One of the most confusing things about determining legal issues associated with maritime activities is that waterways may have different laws depending on the location.
An important point is to understand if a legal issue came up when the vessel was in U.S. waters or in international waters. The location of the waters and the vessel will determine the applicable laws in many cases.
ShareAmerican explains the general definition of international waters is anything that goes beyond 12 nautical miles from the coast.
When it comes to enforcing laws, the lines can blur a little. Countries have the ability to impose their laws up to 24 nautical miles from land. In addition, countries typically maintain control over their vessels even in international waters.
It is possible for a country to impose its laws on the owners or crew of a vessel even if it is no longer in the waters under the control of that nation because it still has jurisdiction over the boat.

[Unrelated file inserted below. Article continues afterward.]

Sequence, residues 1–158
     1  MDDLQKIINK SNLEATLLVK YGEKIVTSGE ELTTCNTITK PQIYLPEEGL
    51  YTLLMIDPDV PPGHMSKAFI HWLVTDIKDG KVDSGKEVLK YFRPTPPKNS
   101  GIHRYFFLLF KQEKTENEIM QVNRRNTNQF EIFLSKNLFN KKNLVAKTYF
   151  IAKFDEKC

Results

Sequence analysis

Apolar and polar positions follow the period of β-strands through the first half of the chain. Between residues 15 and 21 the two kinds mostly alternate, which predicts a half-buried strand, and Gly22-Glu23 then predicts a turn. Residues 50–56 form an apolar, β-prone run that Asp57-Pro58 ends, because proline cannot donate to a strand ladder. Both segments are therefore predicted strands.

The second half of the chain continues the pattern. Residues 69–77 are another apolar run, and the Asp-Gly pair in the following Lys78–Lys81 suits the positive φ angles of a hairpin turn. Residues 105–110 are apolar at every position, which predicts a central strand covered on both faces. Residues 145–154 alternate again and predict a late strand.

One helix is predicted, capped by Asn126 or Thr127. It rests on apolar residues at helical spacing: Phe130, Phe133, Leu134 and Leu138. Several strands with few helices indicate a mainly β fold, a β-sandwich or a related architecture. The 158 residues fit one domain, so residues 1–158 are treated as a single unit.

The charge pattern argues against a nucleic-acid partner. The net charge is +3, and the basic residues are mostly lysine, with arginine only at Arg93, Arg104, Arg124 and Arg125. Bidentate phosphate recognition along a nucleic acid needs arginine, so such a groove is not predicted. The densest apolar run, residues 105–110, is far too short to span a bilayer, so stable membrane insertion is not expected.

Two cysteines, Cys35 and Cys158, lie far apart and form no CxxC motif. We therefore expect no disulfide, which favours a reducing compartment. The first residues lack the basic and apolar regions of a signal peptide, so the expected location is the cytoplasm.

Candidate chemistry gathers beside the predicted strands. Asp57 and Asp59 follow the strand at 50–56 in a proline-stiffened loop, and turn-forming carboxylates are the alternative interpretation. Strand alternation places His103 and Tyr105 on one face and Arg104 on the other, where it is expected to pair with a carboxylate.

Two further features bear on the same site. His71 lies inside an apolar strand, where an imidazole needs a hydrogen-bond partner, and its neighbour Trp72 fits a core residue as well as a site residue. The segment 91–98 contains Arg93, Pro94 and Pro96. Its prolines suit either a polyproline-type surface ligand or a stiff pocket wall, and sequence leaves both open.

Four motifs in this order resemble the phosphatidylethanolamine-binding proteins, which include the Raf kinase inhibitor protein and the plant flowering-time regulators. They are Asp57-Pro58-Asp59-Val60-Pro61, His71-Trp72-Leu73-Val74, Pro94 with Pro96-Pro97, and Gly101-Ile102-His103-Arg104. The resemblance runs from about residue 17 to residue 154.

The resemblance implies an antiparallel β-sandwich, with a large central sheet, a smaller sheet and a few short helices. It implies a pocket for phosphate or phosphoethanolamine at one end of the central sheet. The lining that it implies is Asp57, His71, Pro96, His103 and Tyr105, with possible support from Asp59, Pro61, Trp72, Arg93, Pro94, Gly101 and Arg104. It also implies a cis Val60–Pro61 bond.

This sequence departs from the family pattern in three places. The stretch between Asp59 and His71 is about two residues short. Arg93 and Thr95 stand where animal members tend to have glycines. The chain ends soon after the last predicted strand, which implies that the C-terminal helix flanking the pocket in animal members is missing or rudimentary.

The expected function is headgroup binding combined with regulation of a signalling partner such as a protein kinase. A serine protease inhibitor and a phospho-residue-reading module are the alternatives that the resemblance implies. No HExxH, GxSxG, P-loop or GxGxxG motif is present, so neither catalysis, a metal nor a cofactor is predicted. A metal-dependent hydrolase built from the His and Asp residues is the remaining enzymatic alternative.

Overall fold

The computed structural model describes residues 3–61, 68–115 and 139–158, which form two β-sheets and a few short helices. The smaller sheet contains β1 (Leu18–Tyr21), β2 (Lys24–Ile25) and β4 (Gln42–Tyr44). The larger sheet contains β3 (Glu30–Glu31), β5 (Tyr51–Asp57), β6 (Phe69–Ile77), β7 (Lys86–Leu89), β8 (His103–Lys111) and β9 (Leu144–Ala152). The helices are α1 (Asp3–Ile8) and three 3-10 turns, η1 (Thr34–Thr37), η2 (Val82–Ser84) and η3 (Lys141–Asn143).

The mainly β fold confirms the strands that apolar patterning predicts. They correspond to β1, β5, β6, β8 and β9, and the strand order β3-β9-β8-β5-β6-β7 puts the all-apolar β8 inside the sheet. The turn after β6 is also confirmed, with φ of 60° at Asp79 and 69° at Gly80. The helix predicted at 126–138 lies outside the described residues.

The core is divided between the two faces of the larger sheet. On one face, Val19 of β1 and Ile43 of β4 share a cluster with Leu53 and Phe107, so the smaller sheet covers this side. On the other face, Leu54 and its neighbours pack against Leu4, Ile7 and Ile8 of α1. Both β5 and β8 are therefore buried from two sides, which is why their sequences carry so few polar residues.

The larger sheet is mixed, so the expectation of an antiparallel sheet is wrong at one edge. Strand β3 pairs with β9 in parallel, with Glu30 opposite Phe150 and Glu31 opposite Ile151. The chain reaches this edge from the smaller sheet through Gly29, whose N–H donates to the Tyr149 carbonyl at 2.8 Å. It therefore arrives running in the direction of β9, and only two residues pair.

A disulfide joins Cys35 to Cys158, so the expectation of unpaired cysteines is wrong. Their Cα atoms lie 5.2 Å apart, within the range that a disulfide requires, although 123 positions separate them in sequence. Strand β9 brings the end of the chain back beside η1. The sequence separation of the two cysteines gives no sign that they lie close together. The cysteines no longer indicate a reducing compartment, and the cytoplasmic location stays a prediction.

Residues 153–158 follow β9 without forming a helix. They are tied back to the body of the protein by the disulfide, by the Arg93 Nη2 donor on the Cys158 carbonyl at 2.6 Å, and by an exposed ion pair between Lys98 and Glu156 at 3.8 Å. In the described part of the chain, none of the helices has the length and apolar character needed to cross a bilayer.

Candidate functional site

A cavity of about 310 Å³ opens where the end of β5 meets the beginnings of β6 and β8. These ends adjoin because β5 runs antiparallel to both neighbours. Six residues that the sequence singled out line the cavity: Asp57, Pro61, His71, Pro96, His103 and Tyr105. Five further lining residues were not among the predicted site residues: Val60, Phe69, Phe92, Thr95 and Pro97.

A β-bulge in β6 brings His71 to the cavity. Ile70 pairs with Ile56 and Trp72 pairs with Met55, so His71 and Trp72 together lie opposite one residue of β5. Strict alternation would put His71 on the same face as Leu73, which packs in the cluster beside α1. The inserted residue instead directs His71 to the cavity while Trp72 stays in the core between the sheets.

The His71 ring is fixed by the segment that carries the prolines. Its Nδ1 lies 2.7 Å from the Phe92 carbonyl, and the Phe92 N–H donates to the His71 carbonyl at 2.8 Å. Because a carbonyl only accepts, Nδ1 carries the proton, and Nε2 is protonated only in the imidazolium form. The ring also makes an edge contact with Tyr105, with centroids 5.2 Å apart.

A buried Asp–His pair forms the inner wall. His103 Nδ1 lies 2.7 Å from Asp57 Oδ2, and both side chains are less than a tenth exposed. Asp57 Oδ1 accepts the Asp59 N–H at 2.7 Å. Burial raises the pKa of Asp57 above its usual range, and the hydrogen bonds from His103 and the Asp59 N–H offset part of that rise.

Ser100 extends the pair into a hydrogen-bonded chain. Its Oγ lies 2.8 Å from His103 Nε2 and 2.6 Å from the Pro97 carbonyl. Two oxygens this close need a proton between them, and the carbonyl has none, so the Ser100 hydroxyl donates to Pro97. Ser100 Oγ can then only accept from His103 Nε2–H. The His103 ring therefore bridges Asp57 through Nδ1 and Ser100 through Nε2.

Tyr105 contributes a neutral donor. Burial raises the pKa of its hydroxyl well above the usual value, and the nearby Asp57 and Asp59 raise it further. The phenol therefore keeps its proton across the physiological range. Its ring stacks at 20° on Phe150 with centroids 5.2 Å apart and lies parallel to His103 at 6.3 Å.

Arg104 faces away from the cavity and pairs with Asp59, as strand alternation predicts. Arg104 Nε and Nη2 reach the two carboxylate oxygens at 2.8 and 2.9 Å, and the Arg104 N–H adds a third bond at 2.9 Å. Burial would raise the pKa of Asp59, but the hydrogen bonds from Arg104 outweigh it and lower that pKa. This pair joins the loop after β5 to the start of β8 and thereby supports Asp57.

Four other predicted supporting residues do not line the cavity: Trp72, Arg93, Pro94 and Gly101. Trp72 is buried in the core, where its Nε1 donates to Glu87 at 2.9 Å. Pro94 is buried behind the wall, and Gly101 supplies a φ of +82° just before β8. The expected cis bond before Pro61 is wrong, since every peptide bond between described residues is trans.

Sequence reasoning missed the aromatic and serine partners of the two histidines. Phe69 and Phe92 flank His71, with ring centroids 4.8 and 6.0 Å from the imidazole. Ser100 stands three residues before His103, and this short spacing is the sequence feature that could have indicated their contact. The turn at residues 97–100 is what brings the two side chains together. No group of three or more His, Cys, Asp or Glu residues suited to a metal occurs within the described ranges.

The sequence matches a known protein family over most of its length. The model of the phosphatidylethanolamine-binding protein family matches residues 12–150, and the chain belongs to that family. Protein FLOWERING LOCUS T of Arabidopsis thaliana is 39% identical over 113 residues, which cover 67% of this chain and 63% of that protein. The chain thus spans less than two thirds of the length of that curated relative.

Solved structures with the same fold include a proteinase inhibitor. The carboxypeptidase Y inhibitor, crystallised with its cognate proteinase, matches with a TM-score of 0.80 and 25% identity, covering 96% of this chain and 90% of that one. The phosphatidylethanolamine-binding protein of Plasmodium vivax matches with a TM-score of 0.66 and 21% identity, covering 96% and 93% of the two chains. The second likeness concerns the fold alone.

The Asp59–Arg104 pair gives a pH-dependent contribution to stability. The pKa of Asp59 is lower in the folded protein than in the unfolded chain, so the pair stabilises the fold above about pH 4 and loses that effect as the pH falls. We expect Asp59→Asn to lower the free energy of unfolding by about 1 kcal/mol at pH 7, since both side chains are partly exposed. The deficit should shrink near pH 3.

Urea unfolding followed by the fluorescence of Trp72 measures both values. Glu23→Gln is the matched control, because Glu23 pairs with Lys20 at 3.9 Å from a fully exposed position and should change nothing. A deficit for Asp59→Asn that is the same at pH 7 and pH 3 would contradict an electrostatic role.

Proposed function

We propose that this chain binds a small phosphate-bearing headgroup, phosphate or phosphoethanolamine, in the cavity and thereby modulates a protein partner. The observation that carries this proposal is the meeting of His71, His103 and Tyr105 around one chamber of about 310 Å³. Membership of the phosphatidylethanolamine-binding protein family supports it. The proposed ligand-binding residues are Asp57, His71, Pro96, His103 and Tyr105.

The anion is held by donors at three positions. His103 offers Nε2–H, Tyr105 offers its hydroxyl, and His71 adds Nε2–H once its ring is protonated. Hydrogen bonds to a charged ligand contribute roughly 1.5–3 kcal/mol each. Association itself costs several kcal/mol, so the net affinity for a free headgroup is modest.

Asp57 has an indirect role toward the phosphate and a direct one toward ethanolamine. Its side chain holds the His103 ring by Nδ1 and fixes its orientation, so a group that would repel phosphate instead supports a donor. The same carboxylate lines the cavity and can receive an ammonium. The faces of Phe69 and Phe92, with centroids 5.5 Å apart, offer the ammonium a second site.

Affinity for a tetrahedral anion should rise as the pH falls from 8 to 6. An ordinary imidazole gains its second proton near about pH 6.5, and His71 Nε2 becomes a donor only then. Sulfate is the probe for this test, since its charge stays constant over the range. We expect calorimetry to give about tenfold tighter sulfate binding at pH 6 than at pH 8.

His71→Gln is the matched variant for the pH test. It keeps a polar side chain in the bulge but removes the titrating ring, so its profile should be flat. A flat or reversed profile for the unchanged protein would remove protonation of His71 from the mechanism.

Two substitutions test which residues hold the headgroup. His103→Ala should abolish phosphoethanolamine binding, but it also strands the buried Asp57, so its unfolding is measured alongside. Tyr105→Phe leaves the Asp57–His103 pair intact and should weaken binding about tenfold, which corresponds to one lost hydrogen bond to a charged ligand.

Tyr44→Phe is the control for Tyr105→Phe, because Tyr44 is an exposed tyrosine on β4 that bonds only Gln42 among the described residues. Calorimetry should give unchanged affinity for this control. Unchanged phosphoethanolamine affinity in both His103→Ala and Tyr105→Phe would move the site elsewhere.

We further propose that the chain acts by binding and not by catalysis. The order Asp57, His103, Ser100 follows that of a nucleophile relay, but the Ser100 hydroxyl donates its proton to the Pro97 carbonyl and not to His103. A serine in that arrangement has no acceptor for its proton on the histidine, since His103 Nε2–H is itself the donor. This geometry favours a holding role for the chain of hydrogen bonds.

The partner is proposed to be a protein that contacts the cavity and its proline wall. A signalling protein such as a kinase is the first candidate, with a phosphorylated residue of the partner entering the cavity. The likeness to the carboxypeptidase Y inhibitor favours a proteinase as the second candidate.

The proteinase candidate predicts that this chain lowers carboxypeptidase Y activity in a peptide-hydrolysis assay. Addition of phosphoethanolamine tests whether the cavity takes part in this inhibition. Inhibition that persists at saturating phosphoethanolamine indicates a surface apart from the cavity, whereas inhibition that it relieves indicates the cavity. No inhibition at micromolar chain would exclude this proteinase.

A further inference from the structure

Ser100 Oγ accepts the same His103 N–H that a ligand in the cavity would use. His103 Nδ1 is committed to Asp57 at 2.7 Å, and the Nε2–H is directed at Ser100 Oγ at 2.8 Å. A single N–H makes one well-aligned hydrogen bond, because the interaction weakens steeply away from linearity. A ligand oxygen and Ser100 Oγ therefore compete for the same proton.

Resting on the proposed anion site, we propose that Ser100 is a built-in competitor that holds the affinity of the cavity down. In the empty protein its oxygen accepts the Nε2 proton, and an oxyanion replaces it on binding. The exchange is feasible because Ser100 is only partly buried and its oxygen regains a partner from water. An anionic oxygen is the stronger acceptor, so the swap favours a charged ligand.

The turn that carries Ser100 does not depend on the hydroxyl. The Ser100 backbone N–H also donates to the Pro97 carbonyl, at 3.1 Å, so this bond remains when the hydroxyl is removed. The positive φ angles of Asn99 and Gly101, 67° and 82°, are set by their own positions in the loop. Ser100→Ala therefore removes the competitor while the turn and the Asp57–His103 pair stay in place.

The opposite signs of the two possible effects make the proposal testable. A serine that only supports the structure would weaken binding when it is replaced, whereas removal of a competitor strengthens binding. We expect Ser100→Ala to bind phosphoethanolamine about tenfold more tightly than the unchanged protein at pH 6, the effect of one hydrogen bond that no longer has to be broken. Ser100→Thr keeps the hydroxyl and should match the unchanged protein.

Maritime law can be quite confusing because of the blurred lines when it comes to jurisdiction. Even within the U.S., there are often clashes between state and federal maritime laws that may need ironing out if a situation comes up.
Still, if the owners and crews of vessels follow U.S. and state laws, they can generally stay out of trouble and avoid issues with any entity that may lay claim to the waters in which they are sailing their vessel. So, the idea of international waters or the high sea may be less of an important point than it seems.